• Drug: Lidocaine Hydrochloride
    • Drug: Placebo
  • Placebo Comparator: Placebo
    Participants in this arm will receive normal saline, same volume as lidocaine and ketamine.
    Intervention: Drug: Placebo
Publications *

*   Includes publications given by the data provider as well as publications identified by ClinicalTrials.gov Identifier (NCT Number) in Medline.
 
Recruitment Information
Recruitment Status  ICMJE Not yet recruiting
Estimated Enrollment  ICMJE
 (submitted: August 20, 2020)
87
Original Estimated Enrollment  ICMJE Same as current
Estimated Study Completion Date  ICMJE June 30, 2022
Estimated Primary Completion Date June 30, 2022   (Final data collection date for primary outcome measure)
Eligibility Criteria  ICMJE

Inclusion Criteria:

  1. Adults patients age older than 18 years.
  2. Body mass index more than 30 kg/m2.
  3. Scheduled for laparoscopic bariatric surgery, including laparoscopic sleeve gastrectomy, robotic-assisted laparoscopic sleeve gastrectomy, laparoscopic Roux-en-Y gastric bypass surgery or robotic-assisted laparoscopic gastric bypass.

Exclusion Criteria:

  1. Patient refusal.
  2. Inability to communicate or read in Thai language.
  3. Allergic to lidocaine or ketamine.
  4. History of opioid use within 2 weeks before surgery
  5. Cardiovascular disorder, including high grade atrioventricular block (second degree or third degree), history of coronary artery disease, poor controlled hypertension.
  6. History of stroke, intracranial hemorrhage or intracranial mass
  7. Cognitive impairment
  8. Schizophrenia or history of antipsychotic drugs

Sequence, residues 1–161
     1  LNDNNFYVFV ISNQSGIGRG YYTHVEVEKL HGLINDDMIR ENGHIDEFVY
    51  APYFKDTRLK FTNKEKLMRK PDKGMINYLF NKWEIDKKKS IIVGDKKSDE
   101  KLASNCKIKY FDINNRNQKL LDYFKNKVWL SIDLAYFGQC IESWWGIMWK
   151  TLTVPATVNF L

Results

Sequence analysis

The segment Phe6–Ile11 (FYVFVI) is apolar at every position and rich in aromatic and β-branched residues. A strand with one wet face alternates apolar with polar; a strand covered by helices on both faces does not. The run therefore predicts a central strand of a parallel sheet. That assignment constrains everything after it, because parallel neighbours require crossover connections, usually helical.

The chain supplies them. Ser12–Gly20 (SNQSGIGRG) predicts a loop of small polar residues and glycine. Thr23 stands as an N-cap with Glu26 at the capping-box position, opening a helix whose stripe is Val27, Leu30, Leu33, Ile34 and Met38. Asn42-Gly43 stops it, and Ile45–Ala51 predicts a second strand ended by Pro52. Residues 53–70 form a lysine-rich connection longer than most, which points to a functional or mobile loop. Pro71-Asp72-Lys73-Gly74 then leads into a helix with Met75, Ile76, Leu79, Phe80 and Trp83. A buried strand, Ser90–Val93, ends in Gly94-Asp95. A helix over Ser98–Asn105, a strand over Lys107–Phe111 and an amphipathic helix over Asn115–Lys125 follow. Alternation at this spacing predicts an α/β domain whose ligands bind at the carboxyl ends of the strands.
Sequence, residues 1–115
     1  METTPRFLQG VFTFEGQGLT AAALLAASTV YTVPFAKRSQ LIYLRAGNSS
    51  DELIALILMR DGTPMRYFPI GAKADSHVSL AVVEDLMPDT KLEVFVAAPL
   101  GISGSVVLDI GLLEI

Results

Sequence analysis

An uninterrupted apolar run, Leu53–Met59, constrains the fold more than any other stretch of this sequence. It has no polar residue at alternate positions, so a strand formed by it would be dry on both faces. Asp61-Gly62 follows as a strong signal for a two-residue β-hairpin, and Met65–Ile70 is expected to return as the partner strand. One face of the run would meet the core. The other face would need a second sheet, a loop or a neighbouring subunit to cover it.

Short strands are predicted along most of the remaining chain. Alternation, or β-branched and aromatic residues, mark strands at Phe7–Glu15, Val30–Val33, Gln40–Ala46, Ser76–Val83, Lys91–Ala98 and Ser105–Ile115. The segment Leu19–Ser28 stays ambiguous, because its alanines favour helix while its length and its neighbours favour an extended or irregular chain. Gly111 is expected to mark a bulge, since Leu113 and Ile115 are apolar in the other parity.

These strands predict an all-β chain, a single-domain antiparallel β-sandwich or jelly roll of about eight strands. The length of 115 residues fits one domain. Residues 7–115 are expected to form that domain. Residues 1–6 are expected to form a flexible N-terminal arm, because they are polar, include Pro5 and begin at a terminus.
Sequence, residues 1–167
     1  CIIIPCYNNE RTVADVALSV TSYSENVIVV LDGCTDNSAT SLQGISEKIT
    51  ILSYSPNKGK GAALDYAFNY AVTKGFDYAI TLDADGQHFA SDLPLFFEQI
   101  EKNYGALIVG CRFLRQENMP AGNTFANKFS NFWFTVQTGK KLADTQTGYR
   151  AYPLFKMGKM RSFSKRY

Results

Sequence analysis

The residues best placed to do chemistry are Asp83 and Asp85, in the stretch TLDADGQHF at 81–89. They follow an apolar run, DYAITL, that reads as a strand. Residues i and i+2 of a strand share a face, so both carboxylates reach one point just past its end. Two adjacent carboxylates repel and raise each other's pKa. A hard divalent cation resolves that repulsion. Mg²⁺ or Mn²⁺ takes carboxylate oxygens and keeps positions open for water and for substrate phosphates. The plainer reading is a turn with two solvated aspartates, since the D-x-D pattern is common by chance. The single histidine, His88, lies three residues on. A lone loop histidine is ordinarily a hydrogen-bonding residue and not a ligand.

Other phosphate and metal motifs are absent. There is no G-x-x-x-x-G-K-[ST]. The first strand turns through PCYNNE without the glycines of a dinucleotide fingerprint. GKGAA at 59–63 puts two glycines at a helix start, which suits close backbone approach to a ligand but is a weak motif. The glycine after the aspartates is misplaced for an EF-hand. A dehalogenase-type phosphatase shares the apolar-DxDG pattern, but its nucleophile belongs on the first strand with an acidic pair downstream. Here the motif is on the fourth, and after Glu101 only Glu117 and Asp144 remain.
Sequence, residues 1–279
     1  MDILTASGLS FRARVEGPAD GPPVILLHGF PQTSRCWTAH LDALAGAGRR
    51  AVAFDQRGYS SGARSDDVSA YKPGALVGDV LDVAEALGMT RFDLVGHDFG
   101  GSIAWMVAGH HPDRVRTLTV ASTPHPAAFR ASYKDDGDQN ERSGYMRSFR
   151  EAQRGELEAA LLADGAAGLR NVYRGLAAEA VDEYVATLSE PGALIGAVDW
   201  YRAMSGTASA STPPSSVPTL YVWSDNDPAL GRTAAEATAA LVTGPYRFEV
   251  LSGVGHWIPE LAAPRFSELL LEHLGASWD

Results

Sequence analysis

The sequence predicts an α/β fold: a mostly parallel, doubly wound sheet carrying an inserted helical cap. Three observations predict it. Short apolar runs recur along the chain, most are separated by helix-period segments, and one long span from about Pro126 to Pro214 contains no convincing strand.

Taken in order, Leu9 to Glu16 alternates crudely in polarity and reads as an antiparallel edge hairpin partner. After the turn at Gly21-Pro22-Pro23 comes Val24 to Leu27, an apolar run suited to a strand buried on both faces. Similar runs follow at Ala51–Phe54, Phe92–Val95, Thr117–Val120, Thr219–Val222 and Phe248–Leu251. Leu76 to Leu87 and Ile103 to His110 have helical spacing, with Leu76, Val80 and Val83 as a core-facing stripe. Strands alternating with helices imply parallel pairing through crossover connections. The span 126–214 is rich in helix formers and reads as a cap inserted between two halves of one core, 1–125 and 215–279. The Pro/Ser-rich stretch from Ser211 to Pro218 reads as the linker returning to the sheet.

9. Pregnant or breast-feeding patients
  10. Conversion to open surgery
Sex/Gender  ICMJE
Sexes Eligible for Study: All
Ages  ICMJE 18 Years and older   (Adult, Older Adult)
Accepts Healthy Volunteers  ICMJE No
Contacts  ICMJE
Contact: Parichat Tovikkai, MD. 66-8605302344 Parichat.nil@mahidol.ac.th
Listed Location Countries  ICMJE Not Provided
Removed Location Countries  
 
Administrative Information
NCT Number  ICMJE NCT04524130
Other Study ID Numbers  ICMJE 610/2563(IRB3)
Has Data Monitoring Committee Not Provided
U.S. FDA-regulated Product
Studies a U.S. FDA-regulated Drug Product: No
Studies a U.S. FDA-regulated Device Product: No
Product Manufactured in and Exported from the U.S.: No
IPD Sharing Statement  ICMJE
Plan to Share IPD: No
Responsible Party Mahidol University
Study Sponsor  ICMJE Mahidol University
Collaborators  ICMJE Not Provided
Investigators  ICMJE
Principal Investigator: Parichat Tovikkai Mahidol University
PRS Account Mahidol University
Verification Date August 2020

ICMJE     Data element required by the International Committee of Medical Journal Editors and the World Health Organization ICTRP